Site Seals are those graphics you see on places like shopping carts that try to convey your information is safe. For example, the yellow circle with a black check mark that says, “Norton SECURED, powered by VeriSign.” The purpose of the seals is naturally to increase conversions, but not all seals are alike. And some placements can actually hurt your conversions rather than help.
Last year Baymard conducted a study to see which seals people trusted the most, and you can see the results here:
The Norton Secured and McAfee Secure were the clear winners.
You might think that using as many seals as possible would make the prospect feel the most secure, and thus increase conversions. But it's also possible that populating your page with trust seals will only add to their anxiety and in the end, hurt your conversions.
Be careful to avoid using trust seals on your squeeze pages, as this telegraphs you're going to be looking for a monetary transaction. When all you want is their email address, it's generally best to avoid trust seals and save them for the payment page.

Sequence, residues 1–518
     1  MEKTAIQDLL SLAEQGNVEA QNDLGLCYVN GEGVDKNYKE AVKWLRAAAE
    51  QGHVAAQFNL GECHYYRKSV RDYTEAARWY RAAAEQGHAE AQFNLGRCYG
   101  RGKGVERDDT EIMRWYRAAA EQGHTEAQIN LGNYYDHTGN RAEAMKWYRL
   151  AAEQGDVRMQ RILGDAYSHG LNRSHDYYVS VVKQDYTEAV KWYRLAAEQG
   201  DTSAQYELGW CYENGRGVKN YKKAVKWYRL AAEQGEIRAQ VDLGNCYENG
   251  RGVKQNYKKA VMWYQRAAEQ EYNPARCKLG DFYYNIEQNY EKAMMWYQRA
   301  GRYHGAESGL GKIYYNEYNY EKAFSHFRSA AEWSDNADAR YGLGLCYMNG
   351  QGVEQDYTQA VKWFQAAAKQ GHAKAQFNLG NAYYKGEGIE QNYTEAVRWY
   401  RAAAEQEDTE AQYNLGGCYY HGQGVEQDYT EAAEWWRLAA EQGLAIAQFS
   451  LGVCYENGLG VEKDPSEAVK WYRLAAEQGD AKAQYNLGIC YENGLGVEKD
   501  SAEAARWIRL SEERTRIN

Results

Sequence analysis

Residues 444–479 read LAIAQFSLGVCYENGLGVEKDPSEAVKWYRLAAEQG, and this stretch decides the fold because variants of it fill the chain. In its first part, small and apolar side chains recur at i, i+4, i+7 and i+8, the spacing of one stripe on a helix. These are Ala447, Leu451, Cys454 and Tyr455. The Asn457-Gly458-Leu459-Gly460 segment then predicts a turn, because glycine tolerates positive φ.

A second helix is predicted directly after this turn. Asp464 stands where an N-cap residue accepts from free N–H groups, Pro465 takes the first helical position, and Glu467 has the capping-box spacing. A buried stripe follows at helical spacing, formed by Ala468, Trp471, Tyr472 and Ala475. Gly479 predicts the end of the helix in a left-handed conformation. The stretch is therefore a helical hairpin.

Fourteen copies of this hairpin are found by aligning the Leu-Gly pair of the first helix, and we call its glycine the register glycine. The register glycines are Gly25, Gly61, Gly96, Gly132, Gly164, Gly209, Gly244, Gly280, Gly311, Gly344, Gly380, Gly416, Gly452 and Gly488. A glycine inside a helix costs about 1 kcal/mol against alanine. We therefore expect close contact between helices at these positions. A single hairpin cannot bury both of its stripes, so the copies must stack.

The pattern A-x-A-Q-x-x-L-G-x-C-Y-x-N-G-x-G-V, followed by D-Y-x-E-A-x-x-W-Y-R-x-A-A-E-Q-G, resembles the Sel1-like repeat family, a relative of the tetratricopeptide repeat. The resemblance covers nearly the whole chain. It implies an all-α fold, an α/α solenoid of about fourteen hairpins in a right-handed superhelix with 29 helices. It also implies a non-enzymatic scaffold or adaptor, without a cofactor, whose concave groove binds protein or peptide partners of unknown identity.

Two out-of-the-ordinary places to test placing trust seals is in your header and your footer. When Petco added McAfee's security seal to their footer, conversions increased 1.76%. And when they placed the same seal in the top left area of the header, conversions increased a surprising 8.83%.
Bottom line, test everything. You never know for sure until you run an AB test.